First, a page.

|Plot Summary of The Gunslinger|
Roland Deshayn, or Roland of Gillead is walking the desert chasing the "Man in Black". The "Man in Black" or Walter is an evil mage. They are in a place/time that has "Moved On", which seems to mean that a great war against Gillead has destroyed a very modern planet, leaving only desert wastelands and very few survivors.
Roland meets one survivor, an old man with a talking pet raven, and sits to eat with him before resuming the chase. During the meal Roland, who it turns out is a Gunslinger from Gillead, hears of what happened when Walter had stopped to rest there earlier.
After resumes the chase he comes upon a town of very strange people. He suspects a trap has been laid for him by the Man in Black.
When he leaves the town, he next comes upon a boy of 9 or so. Again the boy describes the previous visit with Walter and joins the Gunslinger when he leaves. Roland likes the kid, and is faced with the decision of keeping to the chase or helping the kid.
This synopsis report prepared by Michael J Lucas
This is the first book in the Dark Tower series. This book introduces us to Roland, the last of the gunslingers from the ancient barony of Gilead, as he chases his nemesis, the man in black, across the desert.
Roland's quest (known only in his deepest heart) is for The Dark Tower, the hub of the universe itself. Roland's pusuit of Marten (The man in black; Maerlyn to some) leaves behind a trail of bloodshed by Roland's own hand!
His trail (following the Beam!) unites him with Jake, a pre-teen boy who is mysteriously waiting (for who?) at a way-station in the middle of nowhere. They continue on Marten's trail into a mountain on a rickety mining railway where they encounter horrors of time and circumstance called Slow Mutants - unimaginable horrors deformed and suffering in the dark.
Coming to a place in the track where the rails hang brokenly out over a deep chasm, Roland has to choose between, Jake - his 'son' - or The Tower.
This synopsis report prepared by sue jeffrey
Viking, Jun 2003, 25.00, 237 pp.
Roland Deschain of Gilead knows he is obsessed over finding the Dark Tower, but does not care. He will follow the Man in Black wherever he goes and for how long it takes even into eternity until he catches this person, if he is a person, and force him to reveal the locale of the Dark Tower. If others die at his hands after meeting the Gunslinger so be it.
Currently he tracks his prey across a desert stopping at a way station where he meets a child whom he thought at first was his target, albeit two feet shorter. The kid is John “Jake” Chambers from 1977 New York City. Shockingly to the solitary Deschain, instead of his usual killing, Roland allows Jake to accompany him on his trek towards the mountains, the Man in Black, and ultimately the Black Tower.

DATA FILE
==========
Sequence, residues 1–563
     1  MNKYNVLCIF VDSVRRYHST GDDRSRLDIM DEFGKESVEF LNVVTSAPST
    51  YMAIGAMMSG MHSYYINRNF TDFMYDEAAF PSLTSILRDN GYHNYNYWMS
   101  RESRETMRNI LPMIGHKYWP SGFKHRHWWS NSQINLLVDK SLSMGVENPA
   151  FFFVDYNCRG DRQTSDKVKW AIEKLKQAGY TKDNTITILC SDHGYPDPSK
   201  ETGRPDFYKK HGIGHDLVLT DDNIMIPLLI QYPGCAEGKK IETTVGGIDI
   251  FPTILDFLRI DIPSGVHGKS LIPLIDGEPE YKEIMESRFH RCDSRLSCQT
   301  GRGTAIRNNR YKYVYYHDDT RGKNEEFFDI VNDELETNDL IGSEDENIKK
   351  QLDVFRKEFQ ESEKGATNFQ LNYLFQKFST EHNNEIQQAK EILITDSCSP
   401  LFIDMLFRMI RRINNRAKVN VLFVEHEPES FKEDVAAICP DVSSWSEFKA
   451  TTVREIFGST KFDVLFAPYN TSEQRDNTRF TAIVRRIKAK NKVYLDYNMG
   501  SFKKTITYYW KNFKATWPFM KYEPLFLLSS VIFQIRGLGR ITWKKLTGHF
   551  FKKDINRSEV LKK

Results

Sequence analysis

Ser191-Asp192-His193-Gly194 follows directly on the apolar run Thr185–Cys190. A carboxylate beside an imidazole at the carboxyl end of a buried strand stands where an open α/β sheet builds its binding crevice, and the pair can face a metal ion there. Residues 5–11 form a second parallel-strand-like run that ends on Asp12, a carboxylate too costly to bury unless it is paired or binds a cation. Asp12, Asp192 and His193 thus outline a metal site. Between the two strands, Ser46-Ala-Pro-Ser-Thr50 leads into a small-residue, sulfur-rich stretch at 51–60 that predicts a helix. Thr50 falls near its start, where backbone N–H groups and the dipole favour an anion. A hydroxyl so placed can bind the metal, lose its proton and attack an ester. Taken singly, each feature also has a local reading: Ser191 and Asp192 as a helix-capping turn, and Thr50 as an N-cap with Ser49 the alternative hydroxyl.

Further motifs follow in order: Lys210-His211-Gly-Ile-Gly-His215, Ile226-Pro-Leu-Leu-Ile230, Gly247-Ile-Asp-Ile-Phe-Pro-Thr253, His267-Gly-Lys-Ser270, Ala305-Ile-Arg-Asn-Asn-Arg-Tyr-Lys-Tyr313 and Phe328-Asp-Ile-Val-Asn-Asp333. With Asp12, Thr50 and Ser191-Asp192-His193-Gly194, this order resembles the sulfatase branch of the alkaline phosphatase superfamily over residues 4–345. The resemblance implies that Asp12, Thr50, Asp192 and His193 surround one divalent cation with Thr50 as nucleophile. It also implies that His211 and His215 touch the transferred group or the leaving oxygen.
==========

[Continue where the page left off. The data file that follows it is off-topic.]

This is somewhat of a reprint, but Stephen King has added back in edited out sections and rewritten some passages. The story line retains the strange, deep allegorical fantasy reminiscent of the cult movie El Topo with less gore and Michael Whelans' drawings add to that overall eerie feeling. The desert looms so vast and is so critical to the plot that the audience will see it as a character unto itself.
This synopsis report prepared by Harriet Klausner
The gunslinger pursues the man in black through a dismal desert land. When he meets people, his emotions combat his identity as an unfeeling archetype of justice.
This synopsis report prepared by Brittany Wallace
|Chapter Analysis of The Gunslinger|
Ratings are on a 1-10 scale (Low to High)
Composition of Book
Descript. of chases or violence - 20%
planning/preparing, gather info, debate puzzles/motives - 40%
Feelings, relationships, character bio/development - 10%
Descript. of society, phenomena (tech), places - 30%
Tone of book
FANTASY or SCIENCE FICTION?
- fantasy world/fantasy past
Explore/1st contact/ enviro story
- surviving a post environmental/nuclear disaster
Is this an adult or child's book?
- Adult or Young Adult Book
- champion of justice
- long lived adults
- near future (later in 21st century)
A substantial portion of this book takes place on a non-Earth planetary body:
- humans in a primitive/fantasy society
Takes place on Earth?
Planet outside solar system?
Accounts of torture and death?
- generic/vague references to death/punishment
scientific jargon? (SF only)
- none/very little science jargon needed
How much dialogue?
- significantly more descript than dialog
Note: the views expressed here are only those of the reviewer(s).
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